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Script 50.2

Script

Have you heard of sustainable farming? Many farmers and extension workers are talking about it. It could be the solution to some of your farming problems — problems that can make it difficult for you to harvest a good crop every season. Some of these problems are soil erosion, disappearing forests, and lack of water.

Sustainable farming is also called long-term farming or farming for the future. It means taking care of the land. In return the land will take care of you by producing food for many years. When you practice long-term farming you consider the needs of your children, their children, and their children who will be born many years from now.

But sustainable farming is also farming for today. It helps you to cope with an unexpected event such as a drought, or too much rain, an outbreak of pests, or changing food prices. Even if one of these things happens you will still be able to harvest enough food to get a good income and feed your family.

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Now I’m going to talk about practices that are part of long-term farming. As I describe them, think about whether or not they are part of your farming system. They will help you determine if you are taking care of the land and farming for your family’s future.

An important part of farming for the future is keeping the soil covered. When soil is covered it won’t wash or blow away easily, and it absorbs more water. You can keep soil covered with living plants or by spreading dead weeds, grasses, and leftover crops between rows of crops on the soil surface. The soil should be covered as much of the time as possible.

It is also useful to add manure, compost or leftover plant parts to your soil. In other words, you should put back into the soil what you take out. If you continue to remove nutrients without replacing them, there will not be enough nutrients for your next crops. Some farmers put compost in the same spot where they have just harvested vegetables. In that way nutrients are replaced immediately. Other farmers return one load of animal manure to fertilize the soil for every three loads of grass they harvest.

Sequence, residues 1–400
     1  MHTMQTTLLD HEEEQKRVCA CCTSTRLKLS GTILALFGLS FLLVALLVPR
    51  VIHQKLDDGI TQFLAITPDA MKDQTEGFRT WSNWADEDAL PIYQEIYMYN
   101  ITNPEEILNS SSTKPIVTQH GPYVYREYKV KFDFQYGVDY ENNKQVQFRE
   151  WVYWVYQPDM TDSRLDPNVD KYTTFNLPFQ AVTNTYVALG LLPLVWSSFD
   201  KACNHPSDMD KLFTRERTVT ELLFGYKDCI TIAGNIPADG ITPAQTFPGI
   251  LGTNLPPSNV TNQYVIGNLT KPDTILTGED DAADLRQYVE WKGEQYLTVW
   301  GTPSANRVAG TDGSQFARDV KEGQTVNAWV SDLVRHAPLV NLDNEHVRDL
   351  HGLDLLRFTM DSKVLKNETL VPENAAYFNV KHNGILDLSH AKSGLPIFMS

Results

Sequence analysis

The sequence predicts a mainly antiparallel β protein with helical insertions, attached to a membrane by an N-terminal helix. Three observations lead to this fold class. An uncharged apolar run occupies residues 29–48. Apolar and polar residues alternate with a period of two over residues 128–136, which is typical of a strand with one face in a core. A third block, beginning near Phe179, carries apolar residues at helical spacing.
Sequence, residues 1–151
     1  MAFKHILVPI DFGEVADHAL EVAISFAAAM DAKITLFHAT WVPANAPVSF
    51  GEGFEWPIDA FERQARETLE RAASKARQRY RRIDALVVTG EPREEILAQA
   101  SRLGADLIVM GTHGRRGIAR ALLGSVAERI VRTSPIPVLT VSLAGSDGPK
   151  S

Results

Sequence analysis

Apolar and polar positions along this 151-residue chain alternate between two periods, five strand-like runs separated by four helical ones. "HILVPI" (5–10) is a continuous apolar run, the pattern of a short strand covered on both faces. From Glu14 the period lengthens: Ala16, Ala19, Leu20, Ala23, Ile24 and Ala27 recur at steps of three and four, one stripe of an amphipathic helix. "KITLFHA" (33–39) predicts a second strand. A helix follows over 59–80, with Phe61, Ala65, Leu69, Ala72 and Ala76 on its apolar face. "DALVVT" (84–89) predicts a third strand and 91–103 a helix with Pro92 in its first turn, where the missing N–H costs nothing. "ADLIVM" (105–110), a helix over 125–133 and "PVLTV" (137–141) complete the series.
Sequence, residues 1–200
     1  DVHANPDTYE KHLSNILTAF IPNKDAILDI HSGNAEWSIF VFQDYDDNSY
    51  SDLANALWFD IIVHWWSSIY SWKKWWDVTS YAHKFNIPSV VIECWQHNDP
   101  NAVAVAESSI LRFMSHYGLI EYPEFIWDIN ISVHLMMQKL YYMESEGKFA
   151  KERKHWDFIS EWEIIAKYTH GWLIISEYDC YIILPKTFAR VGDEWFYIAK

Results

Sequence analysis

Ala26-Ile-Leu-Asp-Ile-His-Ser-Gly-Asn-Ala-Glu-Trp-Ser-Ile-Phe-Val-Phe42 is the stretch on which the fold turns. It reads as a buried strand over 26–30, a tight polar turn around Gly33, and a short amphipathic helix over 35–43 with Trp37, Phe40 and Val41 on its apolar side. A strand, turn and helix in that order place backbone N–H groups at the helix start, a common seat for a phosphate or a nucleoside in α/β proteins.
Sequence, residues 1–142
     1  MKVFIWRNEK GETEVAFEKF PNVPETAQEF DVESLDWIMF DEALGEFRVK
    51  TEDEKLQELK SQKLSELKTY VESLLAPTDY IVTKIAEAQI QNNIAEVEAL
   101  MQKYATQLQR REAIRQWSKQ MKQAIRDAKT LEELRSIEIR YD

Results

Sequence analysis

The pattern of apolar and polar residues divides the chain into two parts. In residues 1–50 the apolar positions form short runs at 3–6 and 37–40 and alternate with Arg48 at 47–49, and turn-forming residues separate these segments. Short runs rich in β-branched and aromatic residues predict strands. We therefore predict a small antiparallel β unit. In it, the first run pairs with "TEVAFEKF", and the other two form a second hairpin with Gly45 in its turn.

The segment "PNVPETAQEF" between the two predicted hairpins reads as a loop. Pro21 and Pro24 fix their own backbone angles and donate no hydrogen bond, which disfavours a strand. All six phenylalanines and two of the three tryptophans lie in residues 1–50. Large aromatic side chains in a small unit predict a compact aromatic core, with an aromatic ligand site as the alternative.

So this is another thing to think about. Are you replacing soil nutrients and organic matter?

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Now consider variety on your farm.

Variety helps to provide a secure income. For example, it is good practice to plant a variety of crops. If possible, keep some livestock too. In other words, make sure that you have more than one way to make a living. If you are dependent on just one crop to sell you could be in trouble if something unexpected happens. You will be better off if you have a number of different crops to grow and sell. Then if you have bad weather you may experience damage to one or two crops.

But the other crops may survive and yield well.

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The next thing to think about is your use of pesticides. Chemical pesticides are often expensive and dangerous to your health. And there are safer, less expensive ways of controlling pests.